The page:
January 21, 2022
We're reaching into the archives for today's #BenInNature update presented by our friends at Carter Bank & Trust! The following post was originally published on October 30, 2020.
This is a Hentz orbweaver (Neoscona crucifera), and it looks extremely similar to the related spotted orbweaver (Neoscona domiciliorum). These sizable orbweaver spiders can be found across most of the U.S. and down into Mexico, and they're active from June through November.
Now that fall has arrived, there's a good chance that you've seen either this spider or the spotted orbweaver outside your home. At dusk, these spiders build large wheel-shaped webs and wait in the middle for prey to fly by. When a prey insect smacks into the web, the spider moves into action, biting the insect to immobilize it and then wrapping it in silk. She may eat the meal right then or save it for later. As you can see in the photo, that's the fate that befell whatever's left of the bug that this particular spider is eating (I think it used to be a crane fly).
Once dawn arrives, orbweavers take their webs down and eat them. They're able to recycle the proteins in the silk and use them to spin the next night's web!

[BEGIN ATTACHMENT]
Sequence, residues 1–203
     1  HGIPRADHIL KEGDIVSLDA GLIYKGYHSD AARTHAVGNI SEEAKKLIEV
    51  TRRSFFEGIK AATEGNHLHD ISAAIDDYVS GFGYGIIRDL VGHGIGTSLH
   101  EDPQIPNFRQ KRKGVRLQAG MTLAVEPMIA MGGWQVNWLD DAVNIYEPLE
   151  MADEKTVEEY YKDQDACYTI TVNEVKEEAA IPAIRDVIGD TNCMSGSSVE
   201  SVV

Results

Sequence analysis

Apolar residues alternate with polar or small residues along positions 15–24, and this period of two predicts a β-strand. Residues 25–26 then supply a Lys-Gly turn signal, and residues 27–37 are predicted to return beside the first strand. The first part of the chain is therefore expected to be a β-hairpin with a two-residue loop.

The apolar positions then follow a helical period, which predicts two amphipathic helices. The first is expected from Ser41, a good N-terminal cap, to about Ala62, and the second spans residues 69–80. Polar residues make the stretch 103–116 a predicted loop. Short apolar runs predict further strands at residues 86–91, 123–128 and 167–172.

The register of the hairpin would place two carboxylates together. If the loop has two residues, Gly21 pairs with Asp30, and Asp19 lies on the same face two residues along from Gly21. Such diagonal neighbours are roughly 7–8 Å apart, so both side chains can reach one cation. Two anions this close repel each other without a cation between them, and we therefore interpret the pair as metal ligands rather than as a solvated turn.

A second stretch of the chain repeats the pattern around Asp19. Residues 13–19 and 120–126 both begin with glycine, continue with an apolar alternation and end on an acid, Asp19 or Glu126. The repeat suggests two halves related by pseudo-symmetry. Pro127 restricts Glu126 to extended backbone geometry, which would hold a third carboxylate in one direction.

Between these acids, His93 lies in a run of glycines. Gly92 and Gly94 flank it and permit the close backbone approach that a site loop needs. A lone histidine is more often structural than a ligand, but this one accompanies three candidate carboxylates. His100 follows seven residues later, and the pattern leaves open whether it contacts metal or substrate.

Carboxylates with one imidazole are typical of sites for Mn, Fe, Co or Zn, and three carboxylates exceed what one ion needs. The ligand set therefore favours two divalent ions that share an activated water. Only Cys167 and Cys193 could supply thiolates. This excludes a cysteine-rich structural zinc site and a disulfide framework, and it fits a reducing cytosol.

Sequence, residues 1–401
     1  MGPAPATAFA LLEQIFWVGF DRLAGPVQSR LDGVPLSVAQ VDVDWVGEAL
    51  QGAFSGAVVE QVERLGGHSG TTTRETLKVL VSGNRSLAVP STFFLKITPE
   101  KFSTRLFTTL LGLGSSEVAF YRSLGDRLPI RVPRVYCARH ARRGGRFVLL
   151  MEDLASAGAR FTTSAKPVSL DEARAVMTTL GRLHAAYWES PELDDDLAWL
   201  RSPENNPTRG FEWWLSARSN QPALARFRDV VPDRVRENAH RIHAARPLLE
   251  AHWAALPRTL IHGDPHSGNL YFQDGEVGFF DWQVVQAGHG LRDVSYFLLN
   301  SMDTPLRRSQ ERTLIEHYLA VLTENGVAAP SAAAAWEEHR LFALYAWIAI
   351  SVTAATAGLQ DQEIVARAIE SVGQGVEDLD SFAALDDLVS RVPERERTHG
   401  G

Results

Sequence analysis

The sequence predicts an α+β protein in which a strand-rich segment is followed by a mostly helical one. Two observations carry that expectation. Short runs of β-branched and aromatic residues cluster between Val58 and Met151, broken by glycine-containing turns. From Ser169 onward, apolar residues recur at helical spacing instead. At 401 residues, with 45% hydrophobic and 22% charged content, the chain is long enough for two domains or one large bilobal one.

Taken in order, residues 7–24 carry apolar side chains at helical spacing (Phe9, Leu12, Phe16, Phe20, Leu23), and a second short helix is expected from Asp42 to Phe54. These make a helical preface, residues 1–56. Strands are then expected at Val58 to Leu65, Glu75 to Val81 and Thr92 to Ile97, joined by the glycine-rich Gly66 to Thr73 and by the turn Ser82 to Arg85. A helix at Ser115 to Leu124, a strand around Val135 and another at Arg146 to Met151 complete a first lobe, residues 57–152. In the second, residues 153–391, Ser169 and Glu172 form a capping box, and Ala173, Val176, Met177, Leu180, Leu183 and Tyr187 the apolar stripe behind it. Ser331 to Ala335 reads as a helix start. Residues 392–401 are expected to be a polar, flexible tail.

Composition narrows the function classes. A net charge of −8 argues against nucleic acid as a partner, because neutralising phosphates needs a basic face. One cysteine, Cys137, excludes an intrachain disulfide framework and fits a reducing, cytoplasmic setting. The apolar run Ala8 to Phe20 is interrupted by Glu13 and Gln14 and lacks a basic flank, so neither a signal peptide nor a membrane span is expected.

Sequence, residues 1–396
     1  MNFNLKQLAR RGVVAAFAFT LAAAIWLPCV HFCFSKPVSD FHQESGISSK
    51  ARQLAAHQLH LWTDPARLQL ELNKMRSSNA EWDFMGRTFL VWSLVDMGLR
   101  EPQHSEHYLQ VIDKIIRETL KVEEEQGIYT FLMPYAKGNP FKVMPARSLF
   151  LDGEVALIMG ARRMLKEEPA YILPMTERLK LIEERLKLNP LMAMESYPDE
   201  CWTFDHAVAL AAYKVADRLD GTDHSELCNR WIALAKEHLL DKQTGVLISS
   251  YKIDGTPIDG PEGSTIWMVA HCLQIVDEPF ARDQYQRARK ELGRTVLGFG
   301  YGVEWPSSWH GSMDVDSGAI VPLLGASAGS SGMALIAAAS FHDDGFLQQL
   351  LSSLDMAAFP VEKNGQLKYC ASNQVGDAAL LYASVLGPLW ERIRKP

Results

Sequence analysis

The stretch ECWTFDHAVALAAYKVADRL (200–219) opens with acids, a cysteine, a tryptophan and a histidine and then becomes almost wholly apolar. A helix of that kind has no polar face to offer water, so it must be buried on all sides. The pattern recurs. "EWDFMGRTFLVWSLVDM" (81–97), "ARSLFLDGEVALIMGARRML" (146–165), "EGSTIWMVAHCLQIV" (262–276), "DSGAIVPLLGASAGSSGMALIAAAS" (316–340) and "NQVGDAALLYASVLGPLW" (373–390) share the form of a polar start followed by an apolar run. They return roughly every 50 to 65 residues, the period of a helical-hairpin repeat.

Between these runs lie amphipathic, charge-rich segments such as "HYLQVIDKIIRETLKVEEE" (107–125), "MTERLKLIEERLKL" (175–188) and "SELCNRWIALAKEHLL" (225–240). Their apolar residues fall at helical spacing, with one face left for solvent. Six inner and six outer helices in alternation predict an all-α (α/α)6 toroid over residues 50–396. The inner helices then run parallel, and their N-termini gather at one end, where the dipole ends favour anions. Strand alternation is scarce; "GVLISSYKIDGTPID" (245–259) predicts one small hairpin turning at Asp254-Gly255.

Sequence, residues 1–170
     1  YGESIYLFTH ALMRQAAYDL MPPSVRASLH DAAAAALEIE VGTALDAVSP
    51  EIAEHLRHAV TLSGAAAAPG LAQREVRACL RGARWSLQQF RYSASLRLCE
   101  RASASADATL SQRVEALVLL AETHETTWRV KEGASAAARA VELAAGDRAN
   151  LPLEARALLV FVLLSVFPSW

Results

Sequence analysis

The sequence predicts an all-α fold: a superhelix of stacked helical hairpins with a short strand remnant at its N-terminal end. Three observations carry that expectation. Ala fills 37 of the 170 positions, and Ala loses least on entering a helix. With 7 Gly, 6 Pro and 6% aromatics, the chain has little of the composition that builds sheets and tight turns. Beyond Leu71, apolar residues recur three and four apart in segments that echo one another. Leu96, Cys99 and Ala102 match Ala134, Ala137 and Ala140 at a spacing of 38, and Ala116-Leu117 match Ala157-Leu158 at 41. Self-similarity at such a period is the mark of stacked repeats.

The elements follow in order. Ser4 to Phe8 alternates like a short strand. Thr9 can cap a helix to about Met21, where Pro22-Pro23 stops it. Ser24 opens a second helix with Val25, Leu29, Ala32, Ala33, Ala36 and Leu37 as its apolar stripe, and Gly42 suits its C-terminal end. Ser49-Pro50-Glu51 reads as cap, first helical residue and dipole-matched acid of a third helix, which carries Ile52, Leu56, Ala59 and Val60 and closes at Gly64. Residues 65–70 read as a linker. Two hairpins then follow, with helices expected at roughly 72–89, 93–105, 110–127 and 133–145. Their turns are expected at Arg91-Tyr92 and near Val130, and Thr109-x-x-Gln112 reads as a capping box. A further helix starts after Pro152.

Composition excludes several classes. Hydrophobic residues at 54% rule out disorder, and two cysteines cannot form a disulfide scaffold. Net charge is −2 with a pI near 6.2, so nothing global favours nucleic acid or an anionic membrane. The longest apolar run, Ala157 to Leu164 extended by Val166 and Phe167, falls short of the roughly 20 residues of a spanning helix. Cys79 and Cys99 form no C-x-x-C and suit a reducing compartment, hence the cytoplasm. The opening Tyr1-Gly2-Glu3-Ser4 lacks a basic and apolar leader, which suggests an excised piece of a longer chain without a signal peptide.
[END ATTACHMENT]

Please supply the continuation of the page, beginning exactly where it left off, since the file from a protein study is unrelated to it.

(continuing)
While these spiders may look pretty terrifying if you're an arachnophobe -- especially in a clear macro shot that highlights every single tiny hair (sorry about that) -- these spiders are quite docile. If threatened, their first instinct is to drop to the ground and run away. They rarely bite humans, and even then, they only bite if they've been very roughly handled. If you have these spiders on your property, the best thing to do is leave them be; they'll eat a lot of pest insects for you and their webs are quite beautiful!
Social distancing can be difficult, but it presents a great opportunity to become reacquainted with nature. In this series of posts, Administrator of Science Ben Williams ventures outdoors to record a snapshot of the unique sights that can be found in the natural world. New updates are posted Monday - Friday, with previous posts highlighted on the weekends. This series of posts is made possible thanks to the support of VMNH Corporate Partner Carter Bank & Trust (www.cbtcares.com).
NATURE PHOTO IDENTIFICATIONS
If you discover something in nature that you would like help identifying, be sure to message us right here on Facebook with a picture (please include location and date of picture) and we'll have our experts help you identify it!